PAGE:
Installing OS/2 1.x in a VirtualBox VM

Installing 16-bit OS/2 in a virtual machine ranges between “tricky” and “impossible”, depending on the version of OS/2 and virtualization software used. In VirtualBox 4.0.8, things have moved further away from “impossible” and closer towards merely “tricky”. Version 4.0.8 fixed problems with floppy emulation which were making installation difficult, but plenty of hurdles still remain. Most of those have little to do with virtualization and are simply a consequence of OS/2’s age—the PCs of the late 1980s were not quite like today’s PCs.

When creating a VM for OS/2 1.x, the chosen OS type does not matter much. The defaults are generally not suitable. The following settings must or should be modified:

  • The hard disk must be smaller than 512 MB. Sizes of 500 MB or less are usable (and 500 MB is still huge for 16-bit OS/2). Sizes greater than approximately 504 MB require geometry translation, which OS/2 1.x does not support.
  • A floppy drive must be added to the VM—obviously, since the installation media are floppies.
  • The emulated CD-ROM should be removed. There are no ATAPI CD-ROM drivers for 16-bit OS/2, and some versions of OS/2 take noticeably longer to boot when a CD-ROM is present.
  • The memory size assigned to the VM generally does not matter. The minimum (4MB) is enough, and 16-bit OS/2 cannot use more than 16 MB RAM.
  • Any virtualization mode should work—software, VT-x, or AMD-V.

In general, the difficulty of installing OS/2 increases with decreasing version number of OS/2—older versions are more picky. Let’s start from the easier to install versions and work our way back in time.

OS/2 1.30.1 or later, IBM or Microsoft

The following paragraph applies only to OS/2 1.30.1 and OS/2 1.30.2, not the original OS/2 1.3 release. Note that IBM often did not label the releases very clearly, and all 1.30.x releases display “Version 1.30” in the initial splash screen. A quick way to distinguish the original release is by the copyright date—the original 1.3 version shows 1990 copyright, while the updated versions show 1991.

Installation is straightforward as long as the above precautions are observed. For MS OS/2, either installation diskette A or B may be used. Either HPFS or FAT can be chosen for the system partition. Accepting defaults in the installer is recommended for users who do not have experience with OS/2 1.x, except that the mouse type must be manually set to PS/2. After feeding the requested floppies to the installation program, the initial setup is done and OS/2 happily boots from the virtual hard disk. Easy!

IBM OS/2 1.3

Installing the initial release of OS/2 1.3 is much harder because this and most earlier versions crash on machines faster than a 386:

To avoid confusing this issue with other potential problems, verify that it is in fact TRAP 0000 (not some other trap number), CX=0000, and AX=86A0. The contents of most other registers vary depending on host system configuration and the version of OS/2 in use.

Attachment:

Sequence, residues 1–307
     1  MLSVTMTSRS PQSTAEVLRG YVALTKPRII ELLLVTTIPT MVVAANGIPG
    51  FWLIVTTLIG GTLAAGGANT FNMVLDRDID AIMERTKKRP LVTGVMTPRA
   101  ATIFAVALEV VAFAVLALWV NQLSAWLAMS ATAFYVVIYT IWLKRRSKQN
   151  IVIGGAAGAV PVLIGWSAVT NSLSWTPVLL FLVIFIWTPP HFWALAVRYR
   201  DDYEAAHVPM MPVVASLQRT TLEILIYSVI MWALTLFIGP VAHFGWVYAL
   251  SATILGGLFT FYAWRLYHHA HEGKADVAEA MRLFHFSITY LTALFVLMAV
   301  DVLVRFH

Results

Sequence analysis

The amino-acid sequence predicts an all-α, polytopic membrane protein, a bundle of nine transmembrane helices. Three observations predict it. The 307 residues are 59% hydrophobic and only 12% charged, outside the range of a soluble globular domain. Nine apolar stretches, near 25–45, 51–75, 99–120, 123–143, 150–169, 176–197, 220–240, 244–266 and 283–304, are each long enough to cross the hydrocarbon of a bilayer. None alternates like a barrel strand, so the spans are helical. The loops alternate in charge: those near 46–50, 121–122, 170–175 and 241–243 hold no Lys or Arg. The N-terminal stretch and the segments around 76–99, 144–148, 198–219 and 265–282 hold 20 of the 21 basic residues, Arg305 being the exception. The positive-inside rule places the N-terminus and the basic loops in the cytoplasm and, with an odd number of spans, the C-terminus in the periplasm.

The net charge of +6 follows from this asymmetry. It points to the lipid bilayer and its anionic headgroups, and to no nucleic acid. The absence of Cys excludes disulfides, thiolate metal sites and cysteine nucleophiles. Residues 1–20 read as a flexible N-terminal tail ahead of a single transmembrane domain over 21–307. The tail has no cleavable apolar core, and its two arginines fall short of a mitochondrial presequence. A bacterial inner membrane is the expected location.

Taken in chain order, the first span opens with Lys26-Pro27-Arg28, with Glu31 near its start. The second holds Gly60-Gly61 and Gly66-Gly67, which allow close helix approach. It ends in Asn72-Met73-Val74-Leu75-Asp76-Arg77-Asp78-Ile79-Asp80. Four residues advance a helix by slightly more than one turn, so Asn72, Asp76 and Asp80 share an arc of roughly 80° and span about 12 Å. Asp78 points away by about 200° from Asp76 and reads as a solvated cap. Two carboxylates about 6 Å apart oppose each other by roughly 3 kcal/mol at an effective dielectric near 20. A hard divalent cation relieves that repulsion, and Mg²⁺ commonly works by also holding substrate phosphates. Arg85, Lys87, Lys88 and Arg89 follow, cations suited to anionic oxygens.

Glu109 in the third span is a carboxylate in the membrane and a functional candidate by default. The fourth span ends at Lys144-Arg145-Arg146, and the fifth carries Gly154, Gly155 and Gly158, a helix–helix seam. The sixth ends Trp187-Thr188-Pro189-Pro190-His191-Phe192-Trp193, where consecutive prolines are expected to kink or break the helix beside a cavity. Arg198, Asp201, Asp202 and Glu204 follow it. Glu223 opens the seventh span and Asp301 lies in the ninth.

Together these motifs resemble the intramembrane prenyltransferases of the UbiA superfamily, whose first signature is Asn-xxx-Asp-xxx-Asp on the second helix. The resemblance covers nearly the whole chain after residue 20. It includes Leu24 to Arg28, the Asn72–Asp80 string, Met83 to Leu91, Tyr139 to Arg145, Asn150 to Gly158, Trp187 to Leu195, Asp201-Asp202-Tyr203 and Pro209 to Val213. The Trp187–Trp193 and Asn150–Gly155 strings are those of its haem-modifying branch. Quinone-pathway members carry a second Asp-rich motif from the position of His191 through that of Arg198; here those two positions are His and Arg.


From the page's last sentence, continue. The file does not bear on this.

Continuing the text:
The OS/2 keyboard driver contains timer calibration code which uses a simple software loop. On “fast” machines, the maximum number of iterations is reached before the timer ticks even once; note that due to this dependency, the OS does not always crash, and especially on slower host systems using software virtualization, the crash may not occur every time.

The crash is a division by zero (trap 0) on a DIV CX instruction where the CX register contains zero. The way around this problem is patching OS/2 and getting rid of the bad loop. The original code sequence looks like this:

    MOV  DX, 3
    XOR  CX, CX
    LOOP L2        ; loop 65,536 times
    DEC  DX        ; run the loop 3 times
    JNE  L1
    ...            ; read current tick
    SUB  CX, BX
    MOV  AX, 1F4h  ; 500
    MOV  BX, 0C8h  ; 200
    MUL  BX        ; 500 * 200 = 100,000
    DIV  CX        ; traps if CX = 0
    SHR  CX, 1

This obviously became a problem as far back as 1991, because OS/2 1.30.1 contains slightly different code:

    MOV  BX, 0C8h ; 200
    MUL  BX
    CMP  CX, 0
    JNE  L3
    MOV  CX, 1Fh  ; 31
    DIV  CX

In other words, if CX is zero, it is forced to a non-zero value to avoid the division by zero trap.

As it turns out, the MOV/MOV/MUL/DIV instruction sequence is quite unique and occurs only in the BASEDD0x.SYS drivers. To avoid the crash, it is sufficient to remove the DIV instruction, replacing it by NOPs.

A simple Python script is available to do the hard work. The script can be run either on individual files (such as BASEDD01.SYS) or on floppy images. It is thus suitable for patching physical boot floppies as well as diskette images. The script creates backups of modified files, but should be used carefully.